Who Prepares the Annual Budget?

Who Prepares the Annual Budget?

Understanding the process by which the Union Budget of India is made is crucial. This is because civilians need to understand how and where the government focuses its financial resources. However, the Finance Minister is the person who prepares budget in India with the help of civil servants. The process includes collecting information from different organisations, economists, and business leaders. The method includes estimating expenditures and revenues. This is done by narrowing the deficit followed by final allocations approved after a lot of consensus building e.g. pre-budget meetings. The combined effort guarantees that the future fiscal year’s budget mirrors the economic priorities and requirements of the country. In this blog, we are going to discuss what the union budget is, understand its process, and the steps involved. 

What is the Union Budget?

The Union Budget of India is known as the annual Financial Statement, mentioned in the Article 112 of the Indian Constitution. The budget is presented every year in the Parliament on the las working day of February by the Finance Minister. The budget is approved by the House before being effective from April 1st. 

Moreover, initially “budget '' only referred to the Chancellor’s annual speech on the nation’s financial planning and standing. But today, it represents an annual financial statement detailing a government's income and expenditure.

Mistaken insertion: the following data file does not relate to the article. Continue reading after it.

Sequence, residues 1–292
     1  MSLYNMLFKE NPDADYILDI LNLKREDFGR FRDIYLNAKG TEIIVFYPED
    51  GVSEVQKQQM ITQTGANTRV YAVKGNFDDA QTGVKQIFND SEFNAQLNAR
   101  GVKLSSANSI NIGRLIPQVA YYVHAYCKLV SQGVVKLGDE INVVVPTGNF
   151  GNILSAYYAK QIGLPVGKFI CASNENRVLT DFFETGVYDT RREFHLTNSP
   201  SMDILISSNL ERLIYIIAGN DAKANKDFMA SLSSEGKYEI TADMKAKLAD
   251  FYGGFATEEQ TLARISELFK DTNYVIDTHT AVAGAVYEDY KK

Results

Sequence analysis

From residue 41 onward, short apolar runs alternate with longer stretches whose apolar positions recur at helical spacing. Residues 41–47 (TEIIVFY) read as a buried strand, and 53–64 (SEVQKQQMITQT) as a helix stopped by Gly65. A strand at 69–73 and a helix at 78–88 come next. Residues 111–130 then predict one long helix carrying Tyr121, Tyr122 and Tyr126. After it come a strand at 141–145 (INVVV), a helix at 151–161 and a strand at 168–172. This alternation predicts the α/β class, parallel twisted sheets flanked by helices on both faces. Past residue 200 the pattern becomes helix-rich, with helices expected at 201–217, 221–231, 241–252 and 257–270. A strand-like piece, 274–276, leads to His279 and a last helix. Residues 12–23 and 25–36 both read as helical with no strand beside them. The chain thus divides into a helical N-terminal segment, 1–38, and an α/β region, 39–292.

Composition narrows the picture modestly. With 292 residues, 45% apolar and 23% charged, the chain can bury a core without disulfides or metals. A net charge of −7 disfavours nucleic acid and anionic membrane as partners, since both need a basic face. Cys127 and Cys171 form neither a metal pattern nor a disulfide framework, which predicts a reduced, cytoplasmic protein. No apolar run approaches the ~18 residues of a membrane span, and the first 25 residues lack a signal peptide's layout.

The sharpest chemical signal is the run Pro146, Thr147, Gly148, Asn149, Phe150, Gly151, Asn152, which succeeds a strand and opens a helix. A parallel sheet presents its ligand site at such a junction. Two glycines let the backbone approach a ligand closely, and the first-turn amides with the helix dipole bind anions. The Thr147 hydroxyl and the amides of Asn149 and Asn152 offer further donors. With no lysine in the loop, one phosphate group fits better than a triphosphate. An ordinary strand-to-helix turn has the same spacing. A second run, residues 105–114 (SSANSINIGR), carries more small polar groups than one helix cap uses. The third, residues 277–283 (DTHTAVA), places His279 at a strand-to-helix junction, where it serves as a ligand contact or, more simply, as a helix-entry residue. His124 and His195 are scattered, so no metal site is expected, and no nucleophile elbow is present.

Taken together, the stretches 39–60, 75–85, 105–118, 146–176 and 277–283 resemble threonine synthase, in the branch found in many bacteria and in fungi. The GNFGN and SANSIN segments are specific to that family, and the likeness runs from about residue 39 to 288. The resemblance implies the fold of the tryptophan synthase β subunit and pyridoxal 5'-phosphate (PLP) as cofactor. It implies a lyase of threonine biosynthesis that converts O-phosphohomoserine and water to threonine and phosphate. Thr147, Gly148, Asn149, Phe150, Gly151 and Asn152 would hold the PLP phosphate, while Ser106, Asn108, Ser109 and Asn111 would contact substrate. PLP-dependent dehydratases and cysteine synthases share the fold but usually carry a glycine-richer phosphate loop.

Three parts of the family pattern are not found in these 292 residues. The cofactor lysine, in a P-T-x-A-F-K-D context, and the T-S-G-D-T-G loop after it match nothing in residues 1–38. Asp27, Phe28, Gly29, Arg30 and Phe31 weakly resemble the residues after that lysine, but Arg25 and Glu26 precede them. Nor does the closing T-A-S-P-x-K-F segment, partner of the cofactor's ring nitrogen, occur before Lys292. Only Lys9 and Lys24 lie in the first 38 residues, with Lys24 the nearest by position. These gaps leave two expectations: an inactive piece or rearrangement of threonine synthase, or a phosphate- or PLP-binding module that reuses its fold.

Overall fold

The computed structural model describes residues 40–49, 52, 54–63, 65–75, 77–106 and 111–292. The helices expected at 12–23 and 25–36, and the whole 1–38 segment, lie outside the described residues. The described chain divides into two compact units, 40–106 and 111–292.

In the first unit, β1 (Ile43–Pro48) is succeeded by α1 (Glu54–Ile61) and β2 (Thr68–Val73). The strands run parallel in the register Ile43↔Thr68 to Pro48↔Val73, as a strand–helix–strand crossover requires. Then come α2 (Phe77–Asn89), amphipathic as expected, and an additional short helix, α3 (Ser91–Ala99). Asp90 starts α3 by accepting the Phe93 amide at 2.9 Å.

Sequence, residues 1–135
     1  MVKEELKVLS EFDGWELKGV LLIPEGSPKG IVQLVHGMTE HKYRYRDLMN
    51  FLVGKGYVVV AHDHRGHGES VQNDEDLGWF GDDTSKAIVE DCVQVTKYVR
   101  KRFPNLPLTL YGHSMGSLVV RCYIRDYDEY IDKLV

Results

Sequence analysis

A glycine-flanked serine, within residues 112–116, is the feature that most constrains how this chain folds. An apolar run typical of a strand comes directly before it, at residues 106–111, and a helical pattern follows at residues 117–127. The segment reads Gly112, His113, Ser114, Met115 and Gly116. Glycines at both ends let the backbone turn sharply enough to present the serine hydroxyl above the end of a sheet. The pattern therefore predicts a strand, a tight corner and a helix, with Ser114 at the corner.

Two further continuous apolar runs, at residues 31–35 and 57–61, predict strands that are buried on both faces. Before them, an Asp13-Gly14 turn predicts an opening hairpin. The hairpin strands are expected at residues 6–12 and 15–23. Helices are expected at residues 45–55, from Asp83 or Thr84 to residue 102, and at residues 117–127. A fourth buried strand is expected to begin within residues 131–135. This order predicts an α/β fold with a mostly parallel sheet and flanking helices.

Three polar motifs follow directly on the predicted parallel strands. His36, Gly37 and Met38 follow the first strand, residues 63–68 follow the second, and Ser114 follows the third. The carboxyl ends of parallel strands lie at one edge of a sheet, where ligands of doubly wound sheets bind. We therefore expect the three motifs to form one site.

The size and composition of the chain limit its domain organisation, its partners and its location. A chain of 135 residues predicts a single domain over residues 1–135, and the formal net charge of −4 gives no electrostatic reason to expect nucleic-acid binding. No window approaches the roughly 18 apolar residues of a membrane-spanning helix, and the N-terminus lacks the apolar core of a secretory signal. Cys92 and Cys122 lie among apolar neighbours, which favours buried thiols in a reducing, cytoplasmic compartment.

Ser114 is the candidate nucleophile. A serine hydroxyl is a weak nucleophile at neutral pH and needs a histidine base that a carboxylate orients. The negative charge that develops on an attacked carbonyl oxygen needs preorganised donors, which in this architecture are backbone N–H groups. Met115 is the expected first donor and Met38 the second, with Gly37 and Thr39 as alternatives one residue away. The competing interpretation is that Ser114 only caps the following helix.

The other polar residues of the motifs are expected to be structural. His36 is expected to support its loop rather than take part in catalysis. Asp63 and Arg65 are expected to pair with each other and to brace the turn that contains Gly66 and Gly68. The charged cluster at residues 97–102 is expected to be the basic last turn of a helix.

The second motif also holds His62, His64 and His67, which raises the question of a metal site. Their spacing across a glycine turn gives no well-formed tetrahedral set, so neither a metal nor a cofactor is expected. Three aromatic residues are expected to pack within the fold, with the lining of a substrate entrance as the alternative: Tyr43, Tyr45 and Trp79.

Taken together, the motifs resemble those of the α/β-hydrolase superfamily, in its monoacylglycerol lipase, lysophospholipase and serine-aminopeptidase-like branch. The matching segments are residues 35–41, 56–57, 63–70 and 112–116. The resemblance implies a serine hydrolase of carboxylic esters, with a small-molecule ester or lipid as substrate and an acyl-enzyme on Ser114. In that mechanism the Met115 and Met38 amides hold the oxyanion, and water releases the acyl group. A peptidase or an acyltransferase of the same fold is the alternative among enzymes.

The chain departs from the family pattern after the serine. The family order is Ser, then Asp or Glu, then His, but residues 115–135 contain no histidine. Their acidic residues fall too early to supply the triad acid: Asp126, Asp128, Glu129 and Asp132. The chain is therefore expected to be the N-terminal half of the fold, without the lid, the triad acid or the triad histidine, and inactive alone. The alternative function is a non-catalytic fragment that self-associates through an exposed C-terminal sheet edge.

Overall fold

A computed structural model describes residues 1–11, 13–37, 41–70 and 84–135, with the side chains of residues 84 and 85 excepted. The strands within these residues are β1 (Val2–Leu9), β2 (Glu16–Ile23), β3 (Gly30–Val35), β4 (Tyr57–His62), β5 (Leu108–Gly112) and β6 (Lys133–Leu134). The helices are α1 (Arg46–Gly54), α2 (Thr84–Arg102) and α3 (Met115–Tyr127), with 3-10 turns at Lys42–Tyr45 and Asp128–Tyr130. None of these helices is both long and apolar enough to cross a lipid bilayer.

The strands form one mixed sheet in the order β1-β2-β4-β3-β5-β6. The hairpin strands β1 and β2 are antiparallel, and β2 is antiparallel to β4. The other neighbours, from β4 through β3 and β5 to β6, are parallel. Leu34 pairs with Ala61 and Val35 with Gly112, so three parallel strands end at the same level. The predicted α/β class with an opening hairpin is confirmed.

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Table of Content

  1. What is the Union Budget?
  2. Understanding the Budget Process
  3. Steps in the Preparation of the Union Budget

Understanding the Budget Process

In the Indian budget process, the Finance Minister, aided by advisors and bureaucrats, seeks input from industry leaders and economists. Various organisations related to accounting and finance share their opinions and suggestions. Bureaucrats play a significant role in influencing the outcomes of the budgeting exercise, which typically begins in the third quarter of the financial year. The budget process involves four stages: estimating expenditures and revenues, determining the initial deficit, narrowing the deficit, and finally presenting and obtaining approval for the budget.

Steps in the Preparation of the Union Budget

The preparation of the Union Budget in India involves several key steps:

Step 1: Issuing Circular and Requesting Estimates
The finance ministry initiates the budget process by issuing a circular to various entities, including ministries, states, Union territories, and autonomous bodies. The circular instructs them to prepare estimates for the upcoming year.

Step 2: Providing Guidelines and Forms
The circular contains essential elements, including skeleton forms and guidelines. These materials serve as the foundation for ministries to articulate and present their financial demands.

Step 3: Detailing Revenues and Expenditures
Ministries go beyond mere estimates, providing a breakdown of their financial activities from the past year. This includes a detailed account of both revenues generated and expenditures incurred, offering a thorough understanding of their fiscal performance.